HuffPost reporter: Coronavirus rescue package designed for 'super rich'

HuffPost reporter Zach Carter said Thursday the coronavirus emergency relief package passed by the Senate is a bailout designed for the “super rich.”

Democrats’ thinking was “sort of strange,” Carter said in an interview with Hill.TV’s “Rising.”

“Democrats insisted they wanted this $1,200 check targeted so the rich wouldn't benefit too much from the legislation. Meanwhile, this multi-trillion dollar fund is going to shareholders of corporations who are wealthy people,” he said.

Carter criticized the $2.2 trillion legislation for having a fund controlled by Treasury Secretary Steve Mnuchin that has “cursory sort of strings attached that he can essentially wave when he needs,” with $500 billion dollars.

The bill also would designate an inspector general and accountability committee to oversee how the money is spent.

Carter criticized the measure, saying it’s essentially taking the model of the 2008 bank bailouts “and putting it on steroids.”

“The bill is designed first and foremost to save the super rich,” Carter said. “The thought, I think, for a lot of Democrats was, 'Well, we’ll put in a little money in for the poor.' They need it really badly right now, it’s true. 'And that will make this a fair compromise.’”

“I think after years of governing this way we can see what the long-term consequences of this kind of arrangement will be -- they will lead to more corporate concentration, bigger corporations with more control over our politics, and I don’t think the Democratic Party should be governing that way,” he added.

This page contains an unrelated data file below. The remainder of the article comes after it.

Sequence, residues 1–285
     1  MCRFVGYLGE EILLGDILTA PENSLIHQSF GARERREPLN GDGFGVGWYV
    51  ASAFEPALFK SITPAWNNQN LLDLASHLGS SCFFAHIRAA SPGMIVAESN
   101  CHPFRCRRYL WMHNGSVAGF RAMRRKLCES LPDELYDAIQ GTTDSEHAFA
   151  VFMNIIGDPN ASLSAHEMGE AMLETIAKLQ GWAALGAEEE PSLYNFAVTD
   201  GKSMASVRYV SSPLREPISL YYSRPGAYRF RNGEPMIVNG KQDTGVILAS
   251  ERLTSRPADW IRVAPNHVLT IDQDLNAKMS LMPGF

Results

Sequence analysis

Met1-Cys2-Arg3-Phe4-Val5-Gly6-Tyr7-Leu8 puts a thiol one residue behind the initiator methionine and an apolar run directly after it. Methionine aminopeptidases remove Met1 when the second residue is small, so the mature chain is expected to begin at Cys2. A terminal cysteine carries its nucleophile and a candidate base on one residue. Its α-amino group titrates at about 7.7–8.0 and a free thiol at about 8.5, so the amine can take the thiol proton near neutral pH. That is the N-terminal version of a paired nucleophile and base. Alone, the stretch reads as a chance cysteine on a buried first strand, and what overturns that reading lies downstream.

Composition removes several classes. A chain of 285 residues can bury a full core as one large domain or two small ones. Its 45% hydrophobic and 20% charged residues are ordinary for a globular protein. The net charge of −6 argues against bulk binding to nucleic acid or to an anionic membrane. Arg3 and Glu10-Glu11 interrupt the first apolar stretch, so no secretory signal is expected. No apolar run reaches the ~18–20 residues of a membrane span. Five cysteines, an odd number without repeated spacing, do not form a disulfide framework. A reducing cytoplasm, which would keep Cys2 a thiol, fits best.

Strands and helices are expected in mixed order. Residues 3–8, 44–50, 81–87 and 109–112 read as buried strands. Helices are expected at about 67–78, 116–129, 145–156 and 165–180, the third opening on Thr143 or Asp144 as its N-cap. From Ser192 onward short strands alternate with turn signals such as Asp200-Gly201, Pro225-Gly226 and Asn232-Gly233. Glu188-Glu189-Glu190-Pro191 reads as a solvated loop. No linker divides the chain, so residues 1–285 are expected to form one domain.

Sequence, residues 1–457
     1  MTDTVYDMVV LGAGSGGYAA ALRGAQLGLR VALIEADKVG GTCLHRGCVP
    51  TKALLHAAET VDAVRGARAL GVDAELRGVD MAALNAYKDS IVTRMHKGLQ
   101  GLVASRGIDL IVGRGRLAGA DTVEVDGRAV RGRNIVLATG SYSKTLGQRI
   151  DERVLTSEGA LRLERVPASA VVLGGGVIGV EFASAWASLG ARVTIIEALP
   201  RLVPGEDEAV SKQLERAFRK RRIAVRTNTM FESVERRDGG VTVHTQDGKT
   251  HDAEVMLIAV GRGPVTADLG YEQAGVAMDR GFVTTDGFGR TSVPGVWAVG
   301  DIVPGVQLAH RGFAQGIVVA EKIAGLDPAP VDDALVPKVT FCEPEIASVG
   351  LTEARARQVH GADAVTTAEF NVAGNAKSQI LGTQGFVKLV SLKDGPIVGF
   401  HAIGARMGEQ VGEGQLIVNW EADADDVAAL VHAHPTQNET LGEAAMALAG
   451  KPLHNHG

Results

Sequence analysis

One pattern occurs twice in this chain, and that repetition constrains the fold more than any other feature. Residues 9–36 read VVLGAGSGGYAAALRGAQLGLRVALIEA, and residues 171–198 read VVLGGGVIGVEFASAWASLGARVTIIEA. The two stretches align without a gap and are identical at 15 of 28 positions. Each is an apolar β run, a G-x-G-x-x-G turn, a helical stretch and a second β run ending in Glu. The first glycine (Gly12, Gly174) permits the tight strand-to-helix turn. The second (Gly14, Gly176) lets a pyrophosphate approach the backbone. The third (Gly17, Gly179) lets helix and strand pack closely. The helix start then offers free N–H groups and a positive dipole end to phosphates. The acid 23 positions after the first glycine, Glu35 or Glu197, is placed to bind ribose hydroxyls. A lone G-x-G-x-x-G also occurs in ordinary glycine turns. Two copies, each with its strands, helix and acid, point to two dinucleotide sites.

The emergency legislation passed unanimously in the Senate. It now heads to the House for a vote that's expected Friday.

Carter said he thinks Democrats, and progressive leaders such as Sens. Bernie SandersBernie SandersButtigieg stands in as Pence for Harris's debate practice Bernie Sanders warns of 'nightmare scenario' if Trump refuses election results Harris joins women's voter mobilization event also featuring Pelosi, Gloria Steinem, Jane Fonda MORE (I-Vt.) and Elizabeth WarrenElizabeth WarrenHarris joins women's voter mobilization event also featuring Pelosi, Gloria Steinem, Jane Fonda Judd Gregg: The Kamala threat — the Californiaization of America GOP set to release controversial Biden report MORE (D-Mass.), voted for the bill due to “cold feet.”

“I think ultimately there wasn't a whole lot of interest in holding up money going out the door in a crisis,” Carter said. “There is a very serious economic crisis happening right now. It's going to be something unprecedented in our lifetimes, and I think Democrats just got cold feet. I think progressive leaders got cold feet and didn't want to have to take responsibility for being somebody who put roadblocks in the way of going out the door.”